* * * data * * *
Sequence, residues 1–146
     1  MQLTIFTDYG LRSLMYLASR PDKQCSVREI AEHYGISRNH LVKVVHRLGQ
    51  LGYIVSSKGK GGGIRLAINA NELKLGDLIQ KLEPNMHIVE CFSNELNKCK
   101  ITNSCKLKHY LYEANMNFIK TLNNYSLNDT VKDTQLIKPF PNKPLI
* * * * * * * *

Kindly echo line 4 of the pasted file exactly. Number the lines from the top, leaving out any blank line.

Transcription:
   101  ITNSCKLKHY LYEANMNFIK TLNNYSLNDT VKDTQLIKPF PNKPLI